Is it worth it? Itsy bitsy, very pricey

Need a stylish evening bag for those special occasions? Then look no further. This little number by Judith Leiber could be yours for a trifling pounds 1,215

WHEN YOU consider that the lovely Emma Noble popped up in (or is that out of?) a pounds 2,500 Julien MacDonald dress last week, and that Liz Hurley forked out a similar sum the week before in a knicker-bearing Donatella frock, a pricetag of pounds 1,215 for a bag to keep your hankies in suddenly doesn't sound so outrageous. This antique ribbon evening bag from self- proclaimed "status bag lady" (ho ho) Judith Leiber is a typical example of Leiber's talents, which have found favour with the likes of Liz Hurley, Cindy Crawford and, erm, Joan Collins, who apparently owns over fifty of the blighters.

Made in New York and sold in the UK through Asprey and The Room of Luxury at Harrods, this evening bag is, admittedly, exquisitely designed. In fact, it's so beautiful and fragile-looking that the overwhelming urge is to stick it in a glass case just to protect it from the world's grubby hands. Which makes sense really, since Ms Leiber's bags happen to be on permanent collections in both the Metropolitan Museum of Art in New York and the V&A in London.

Pushing aside the question of just how many of us actually bother buying evening bags these days (c'mon, they're not even big enough to dance around), this little gem isn't going to make any friends in the Stella McCartney camp, with its ample use of the exotic-sounding South East Asian snake skin (known as karung) and calf-leather in misty blue. However, its delicate embroidery and jewels will be more popular; it's adorned with Italian crystal rhinestones in fuschia, pale pink, lilac, blue and gold, all of which are individually applied both to the antique ribbon and the clasp. Apparently, it takes up to five days for a single person to lovingly produce one of these gems (the bag, not the rhinestone), which perhaps goes some way to explain why it costs so damn much.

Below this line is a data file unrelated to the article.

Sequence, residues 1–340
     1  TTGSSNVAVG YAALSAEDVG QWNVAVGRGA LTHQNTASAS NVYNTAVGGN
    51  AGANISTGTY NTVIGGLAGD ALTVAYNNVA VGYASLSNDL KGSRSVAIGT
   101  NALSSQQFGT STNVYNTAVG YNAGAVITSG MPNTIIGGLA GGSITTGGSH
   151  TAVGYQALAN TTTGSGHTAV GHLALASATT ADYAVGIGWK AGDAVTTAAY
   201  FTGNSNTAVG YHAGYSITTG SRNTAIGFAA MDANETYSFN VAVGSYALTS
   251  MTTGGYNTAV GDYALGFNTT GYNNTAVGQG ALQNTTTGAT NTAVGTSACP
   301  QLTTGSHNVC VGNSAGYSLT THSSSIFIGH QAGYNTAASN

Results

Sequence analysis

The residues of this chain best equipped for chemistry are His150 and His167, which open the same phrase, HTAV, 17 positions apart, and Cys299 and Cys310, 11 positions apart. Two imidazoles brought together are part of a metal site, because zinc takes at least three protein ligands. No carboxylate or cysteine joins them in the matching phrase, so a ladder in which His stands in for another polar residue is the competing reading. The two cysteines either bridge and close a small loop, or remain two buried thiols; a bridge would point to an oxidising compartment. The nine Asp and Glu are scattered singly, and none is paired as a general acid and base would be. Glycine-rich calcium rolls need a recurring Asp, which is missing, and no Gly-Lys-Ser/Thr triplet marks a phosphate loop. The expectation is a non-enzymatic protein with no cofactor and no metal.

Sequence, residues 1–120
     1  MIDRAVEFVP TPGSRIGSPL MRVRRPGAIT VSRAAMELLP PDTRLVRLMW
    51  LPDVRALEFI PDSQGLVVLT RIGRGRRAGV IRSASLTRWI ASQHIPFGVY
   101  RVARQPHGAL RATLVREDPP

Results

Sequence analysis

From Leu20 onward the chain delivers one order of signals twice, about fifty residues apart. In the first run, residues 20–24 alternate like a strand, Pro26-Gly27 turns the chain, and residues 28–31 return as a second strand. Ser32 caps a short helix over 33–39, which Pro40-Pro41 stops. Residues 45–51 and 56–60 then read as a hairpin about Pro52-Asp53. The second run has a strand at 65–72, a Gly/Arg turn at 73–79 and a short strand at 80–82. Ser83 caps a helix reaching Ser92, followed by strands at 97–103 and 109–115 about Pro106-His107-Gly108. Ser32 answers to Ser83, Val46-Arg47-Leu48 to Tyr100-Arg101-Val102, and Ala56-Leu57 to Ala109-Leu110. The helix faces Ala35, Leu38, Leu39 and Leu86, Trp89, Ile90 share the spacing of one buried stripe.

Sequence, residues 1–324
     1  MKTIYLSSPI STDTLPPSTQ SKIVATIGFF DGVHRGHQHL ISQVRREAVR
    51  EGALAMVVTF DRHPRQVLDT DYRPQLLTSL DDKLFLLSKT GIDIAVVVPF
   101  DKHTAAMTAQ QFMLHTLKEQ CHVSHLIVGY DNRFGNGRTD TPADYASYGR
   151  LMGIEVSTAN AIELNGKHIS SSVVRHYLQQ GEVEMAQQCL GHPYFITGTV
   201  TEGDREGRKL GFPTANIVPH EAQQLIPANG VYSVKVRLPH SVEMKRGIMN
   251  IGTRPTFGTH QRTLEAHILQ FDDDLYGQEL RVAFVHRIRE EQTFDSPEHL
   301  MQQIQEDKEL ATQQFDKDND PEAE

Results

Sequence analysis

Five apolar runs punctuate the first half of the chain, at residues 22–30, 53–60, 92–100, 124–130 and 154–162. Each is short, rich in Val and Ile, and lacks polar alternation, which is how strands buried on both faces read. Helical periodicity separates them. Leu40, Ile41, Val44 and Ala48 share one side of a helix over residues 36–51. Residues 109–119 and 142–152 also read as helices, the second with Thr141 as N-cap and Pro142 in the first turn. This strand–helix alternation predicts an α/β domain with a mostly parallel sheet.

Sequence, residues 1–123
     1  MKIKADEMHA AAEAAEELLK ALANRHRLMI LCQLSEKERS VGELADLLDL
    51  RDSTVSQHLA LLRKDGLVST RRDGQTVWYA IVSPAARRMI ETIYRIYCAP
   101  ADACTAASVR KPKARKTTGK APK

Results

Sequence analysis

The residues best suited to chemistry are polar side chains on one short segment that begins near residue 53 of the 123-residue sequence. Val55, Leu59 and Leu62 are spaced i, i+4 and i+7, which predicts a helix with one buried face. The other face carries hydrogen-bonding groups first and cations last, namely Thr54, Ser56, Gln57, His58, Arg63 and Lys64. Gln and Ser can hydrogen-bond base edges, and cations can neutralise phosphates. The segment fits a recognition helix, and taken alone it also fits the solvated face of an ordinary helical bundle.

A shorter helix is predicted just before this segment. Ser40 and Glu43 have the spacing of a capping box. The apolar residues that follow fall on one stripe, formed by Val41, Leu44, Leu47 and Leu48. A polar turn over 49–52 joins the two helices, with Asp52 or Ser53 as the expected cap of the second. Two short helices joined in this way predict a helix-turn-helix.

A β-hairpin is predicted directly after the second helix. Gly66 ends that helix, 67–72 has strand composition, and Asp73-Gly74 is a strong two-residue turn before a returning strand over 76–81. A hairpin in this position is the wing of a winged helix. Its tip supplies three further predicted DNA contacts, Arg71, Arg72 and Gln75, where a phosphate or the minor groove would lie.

Physical perfection aside, it's time to accost the clip. No easy task I'm afraid. I stalked it nervously for several minutes, before blind-guessing and praying it wouldn't break off in my hand. But once inside - joy of joy! - it's every little girl's dream. I bet Barbie has a bag just like this. There's a little money purse, in mint green vinyl, with a miniature round mirror (you can only see one eye at a time) and a tiny tassled comb, made of gold plated brass. It's all terribly pretty but, I fear, completely useless. Alas, unless you are a Ms Campbell or a Ms Moss, whose make-up, I dare say, never smudges or needs reapplication, any attempt to touch- up using this mirror will end in tears. Likewise, the comb might work on the ultrathin tresses of Baby Spice. Otherwise, forget it.

Still, these items aren't supposed to be taken seriously. They're little 'extras' to justify the price tag. And if you've got the cash to burn, great. But for those of us in the real world, a thousand quid bag is all well and good, until you realise that you won't be able to afford anything else to go with it for the next year. And let's be honest, not even a Judith Leiber bag is worth the trauma of an empty wardrobe.

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